PHP 8 Editor in Visual Studio

Author by Jakub M.
5 minutes
PHP 8 Editor in Visual Studio

PHP 8 introduces a new syntax, more functions, and new standards. Let's have a look at how the editor in Visual Studio helps with those features. It will provide a detailed completion for named arguments, validates their use, checks the new syntax, warns about deprecations, and more.

Syntax Checking

With PHP 8, developers will start using the new syntax options. It might be the trailing comma in function parameter list, attributes, match expression, throw expression, or catch without the variable. The editor reports all those usage in case the project is set for PHP version <= 7.4.

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Upon switching the project to PHP 8.0, the warnings will be gone.

Named Arguments IntelliSense

The ability to specify the arguments by their name is a great feature that makes the code more readable, allows to skip parameters with default values, and may avoid some errors when there are too many arguments in a single function call. The editor however has a lot to do - there is code completion, that should provide list of available parameters, auto-complete the colon character if necessary, provide related parameter information, adjust the highlighted section of the signature helper, provide tool tips for named arguments, and more. Also it should report any unknown argument names.

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The IntelliSense for named arguments features the following:

  • recognizes the function being called, and lists relevant parameters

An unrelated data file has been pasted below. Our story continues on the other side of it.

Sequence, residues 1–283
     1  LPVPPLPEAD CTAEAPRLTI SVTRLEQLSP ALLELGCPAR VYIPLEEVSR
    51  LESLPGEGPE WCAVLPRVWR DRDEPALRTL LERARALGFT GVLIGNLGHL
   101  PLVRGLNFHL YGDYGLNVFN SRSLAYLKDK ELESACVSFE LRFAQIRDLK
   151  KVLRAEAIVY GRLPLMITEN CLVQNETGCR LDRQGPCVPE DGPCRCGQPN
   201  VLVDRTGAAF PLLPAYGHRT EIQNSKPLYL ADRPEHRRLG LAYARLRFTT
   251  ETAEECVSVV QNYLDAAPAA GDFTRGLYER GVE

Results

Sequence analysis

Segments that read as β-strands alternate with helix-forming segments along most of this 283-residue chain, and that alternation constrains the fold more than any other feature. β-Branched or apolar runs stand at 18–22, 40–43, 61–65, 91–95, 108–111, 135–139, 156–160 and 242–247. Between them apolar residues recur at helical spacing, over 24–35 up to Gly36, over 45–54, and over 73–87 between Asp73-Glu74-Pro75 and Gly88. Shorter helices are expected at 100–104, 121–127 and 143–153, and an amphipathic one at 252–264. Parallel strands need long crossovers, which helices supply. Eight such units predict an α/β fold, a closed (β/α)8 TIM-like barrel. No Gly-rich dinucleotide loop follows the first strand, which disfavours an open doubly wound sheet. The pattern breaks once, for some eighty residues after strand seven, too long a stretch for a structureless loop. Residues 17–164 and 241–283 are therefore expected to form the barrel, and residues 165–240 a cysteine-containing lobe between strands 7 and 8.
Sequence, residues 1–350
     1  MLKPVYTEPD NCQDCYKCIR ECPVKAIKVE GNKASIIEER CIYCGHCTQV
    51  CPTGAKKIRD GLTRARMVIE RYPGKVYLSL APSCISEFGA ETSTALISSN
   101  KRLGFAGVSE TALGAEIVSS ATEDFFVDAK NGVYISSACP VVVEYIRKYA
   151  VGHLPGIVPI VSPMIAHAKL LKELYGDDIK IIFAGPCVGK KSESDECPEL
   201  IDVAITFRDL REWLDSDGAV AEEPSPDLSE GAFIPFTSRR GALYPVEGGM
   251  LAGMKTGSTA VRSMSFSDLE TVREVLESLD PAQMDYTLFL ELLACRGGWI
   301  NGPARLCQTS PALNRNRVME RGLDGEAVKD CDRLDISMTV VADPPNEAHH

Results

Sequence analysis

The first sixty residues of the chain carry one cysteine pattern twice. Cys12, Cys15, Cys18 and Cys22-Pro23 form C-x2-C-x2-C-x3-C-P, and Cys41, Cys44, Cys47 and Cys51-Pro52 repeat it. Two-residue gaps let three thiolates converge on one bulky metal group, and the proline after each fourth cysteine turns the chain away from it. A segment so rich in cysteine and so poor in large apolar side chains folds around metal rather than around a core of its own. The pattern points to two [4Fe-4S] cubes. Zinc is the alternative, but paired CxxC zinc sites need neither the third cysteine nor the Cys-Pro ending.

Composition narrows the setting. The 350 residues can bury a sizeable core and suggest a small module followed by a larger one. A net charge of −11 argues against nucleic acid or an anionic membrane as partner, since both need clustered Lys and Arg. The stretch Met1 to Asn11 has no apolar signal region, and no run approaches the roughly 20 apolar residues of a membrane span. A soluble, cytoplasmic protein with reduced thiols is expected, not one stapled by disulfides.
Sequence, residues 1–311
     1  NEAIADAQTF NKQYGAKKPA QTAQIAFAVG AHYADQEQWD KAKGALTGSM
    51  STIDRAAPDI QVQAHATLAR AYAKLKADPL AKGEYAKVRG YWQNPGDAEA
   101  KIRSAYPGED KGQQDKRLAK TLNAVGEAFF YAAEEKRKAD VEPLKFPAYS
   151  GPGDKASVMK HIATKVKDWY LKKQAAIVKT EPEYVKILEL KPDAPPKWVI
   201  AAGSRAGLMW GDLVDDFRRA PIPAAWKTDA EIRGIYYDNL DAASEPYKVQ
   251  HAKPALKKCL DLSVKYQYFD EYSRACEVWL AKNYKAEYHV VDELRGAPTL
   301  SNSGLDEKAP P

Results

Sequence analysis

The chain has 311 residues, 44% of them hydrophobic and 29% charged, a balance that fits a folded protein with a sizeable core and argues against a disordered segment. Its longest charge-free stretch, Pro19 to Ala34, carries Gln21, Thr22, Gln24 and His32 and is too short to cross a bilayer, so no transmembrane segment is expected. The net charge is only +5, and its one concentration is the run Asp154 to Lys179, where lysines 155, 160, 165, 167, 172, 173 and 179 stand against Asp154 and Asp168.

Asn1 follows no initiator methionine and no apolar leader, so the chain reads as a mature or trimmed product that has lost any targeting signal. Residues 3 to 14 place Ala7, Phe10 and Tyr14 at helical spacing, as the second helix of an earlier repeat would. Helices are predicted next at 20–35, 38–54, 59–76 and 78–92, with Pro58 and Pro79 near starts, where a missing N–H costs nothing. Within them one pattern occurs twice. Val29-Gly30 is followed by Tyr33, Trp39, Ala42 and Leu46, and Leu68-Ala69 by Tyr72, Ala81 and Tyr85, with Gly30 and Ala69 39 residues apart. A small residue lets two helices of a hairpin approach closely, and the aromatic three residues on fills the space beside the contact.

• for each parameter shows type information, documentation, and default value
  • completes colon character if necessary
  • highlights the parameter in signature helper
  • shows tool tip information for named arguments
  • checks the parameter exists
  • checks the provided value type matches

#[Deprecated] Attribute

Functions used to be annotated with @deprecated PHPDoc tag. The code analysis across the project then reported all the usages of deprecated functions. Now with PHP 8 attributes, it is possible to annotate functions with #[Deprecated] attribute as well.

Since attributes in PHP do not have to correspond to an existing class, and each code analyzer and code editor implements their own set of attributes, PHP Tools ignore the namespace of the #[Deprecated] attribute. It can be used in any of following forms:


#[Deprecated("This will be removed, use new_function() instead.")]
#[Deprecated(reason: "This will be removed, use new_function() instead.")]
function old_function()

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New Diagnostics

With the new features there are new code validations. This might help developers to get into PHP 8 easier, and avoid unnecessary issues.

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Unknown named arguments would cause a fatal error. Also specifying a default value other than NULL or empty array to iterable parameters.

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It is also important to remember, that mixed or void type hints cannot be used in combination with nullables - i.e. following is error: ?mixed, mixed|null, ?void, void|null.

Match Expression

The new match expression is well understood by the editor, and its type inference analysis.

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Functions return value and variables get properly analyzed, so your code will get checked for eventual type mismatches.

The editor keeps in mind attributes, and constructor properties as well. IntelliSense fully support the new features since PHP Tools 1.40.12409 for all the major versions of Microsoft Visual Studio. Features are also supported for Visual Studio Code, although it looks differently and will be depicted in another blog post.